Minority Report is a movie obsessed with what we can see, and that seeing is believing. The Department of Precrime is based on visions of the precogs.
The precogs only give out little bits of information and it’s up to detectives to piece them together into a narrative that makes sense of an upcoming murder. John Anderton, a man haunted by visions of his past where his son was kidnapped and never found, now devotes his life to visions of the future even though, as the film unfolds, these visions are far from ironclad despite the religious implications put upon the precogs (the film comes right up to the line of calling them “oracles”, their dwelling is nicknamed “the temple”, and even one of John’s fellow detectives remarks, “We’re more like clergy than cops.”).
People want to believe that the precogs are infallible, so they build the case around that. As is so often the case with human nature, believing is seeing rather than the other way around.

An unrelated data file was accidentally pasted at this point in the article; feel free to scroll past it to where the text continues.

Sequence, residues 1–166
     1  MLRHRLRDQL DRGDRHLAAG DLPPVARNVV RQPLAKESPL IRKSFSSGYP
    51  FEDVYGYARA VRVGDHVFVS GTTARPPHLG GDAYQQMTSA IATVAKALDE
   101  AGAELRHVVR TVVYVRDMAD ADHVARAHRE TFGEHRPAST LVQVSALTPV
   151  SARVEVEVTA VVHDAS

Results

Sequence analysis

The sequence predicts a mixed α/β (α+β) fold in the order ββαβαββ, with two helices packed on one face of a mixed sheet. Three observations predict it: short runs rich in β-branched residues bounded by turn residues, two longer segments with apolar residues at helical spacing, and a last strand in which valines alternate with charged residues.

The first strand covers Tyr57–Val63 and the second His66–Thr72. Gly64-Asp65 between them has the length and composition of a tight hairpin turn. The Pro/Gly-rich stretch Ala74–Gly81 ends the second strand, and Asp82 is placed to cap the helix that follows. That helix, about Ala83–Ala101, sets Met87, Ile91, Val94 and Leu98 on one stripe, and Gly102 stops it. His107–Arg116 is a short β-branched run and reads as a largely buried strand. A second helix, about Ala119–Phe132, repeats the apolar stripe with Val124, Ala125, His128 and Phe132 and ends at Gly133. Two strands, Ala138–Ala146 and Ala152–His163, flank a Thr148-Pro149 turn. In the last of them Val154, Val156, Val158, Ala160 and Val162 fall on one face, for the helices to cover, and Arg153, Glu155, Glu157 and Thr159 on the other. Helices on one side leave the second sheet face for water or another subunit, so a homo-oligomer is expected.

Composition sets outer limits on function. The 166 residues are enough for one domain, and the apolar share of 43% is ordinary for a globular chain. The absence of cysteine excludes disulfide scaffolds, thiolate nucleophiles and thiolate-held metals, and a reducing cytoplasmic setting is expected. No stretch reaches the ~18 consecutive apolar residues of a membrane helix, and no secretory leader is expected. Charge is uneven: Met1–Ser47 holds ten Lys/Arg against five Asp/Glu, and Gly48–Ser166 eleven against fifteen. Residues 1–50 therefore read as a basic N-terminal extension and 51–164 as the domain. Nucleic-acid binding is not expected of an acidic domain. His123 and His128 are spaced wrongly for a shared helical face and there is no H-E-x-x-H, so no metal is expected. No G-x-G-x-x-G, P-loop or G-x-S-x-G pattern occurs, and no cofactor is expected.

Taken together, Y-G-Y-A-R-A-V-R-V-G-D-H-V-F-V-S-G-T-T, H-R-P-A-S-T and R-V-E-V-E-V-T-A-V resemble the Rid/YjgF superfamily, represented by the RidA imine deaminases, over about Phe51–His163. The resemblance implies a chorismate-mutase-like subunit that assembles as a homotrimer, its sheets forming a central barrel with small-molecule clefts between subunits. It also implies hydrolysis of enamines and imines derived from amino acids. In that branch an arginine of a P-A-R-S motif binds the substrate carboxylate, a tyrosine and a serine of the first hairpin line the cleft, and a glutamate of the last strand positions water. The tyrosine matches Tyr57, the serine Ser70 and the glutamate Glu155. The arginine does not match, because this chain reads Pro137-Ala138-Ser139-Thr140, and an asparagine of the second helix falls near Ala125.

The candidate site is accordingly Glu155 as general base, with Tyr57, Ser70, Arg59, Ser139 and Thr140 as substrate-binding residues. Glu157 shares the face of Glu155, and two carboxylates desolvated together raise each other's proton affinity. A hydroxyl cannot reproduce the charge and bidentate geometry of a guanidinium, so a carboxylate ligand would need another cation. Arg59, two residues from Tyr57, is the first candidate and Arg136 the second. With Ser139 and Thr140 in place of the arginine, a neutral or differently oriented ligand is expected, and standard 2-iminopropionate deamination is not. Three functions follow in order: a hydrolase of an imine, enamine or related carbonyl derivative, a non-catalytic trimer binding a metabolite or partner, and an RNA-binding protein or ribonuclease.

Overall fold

And yet the world presented in Minority Report, a world that has cut down on 90% of murders, is not a “better” or “more just” world. It’s a world with a filthy underbelly where the surveillance state hasn’t solved poverty or improved people’s lives. Rather than a pleasant dystopia, Spielberg and cinematographer Janusz Kaminski shoot almost the entire movie in greys and blinding lights, a world where nothing is clearer, just more sterile until you need a crime like getting your eyeballs replaced. But even in the scene where the cops send “spiders” around to scan everyone’s eyes, it’s all a matter of what we don’t see.
The cops are looking for John, but they miss all the human tragedy around them whether it’s the scared family or the bickering couple or the dilapidated surroundings. As is often the case with Minority Report, just because something has your focus, that doesn’t mean you’ve seen the whole picture.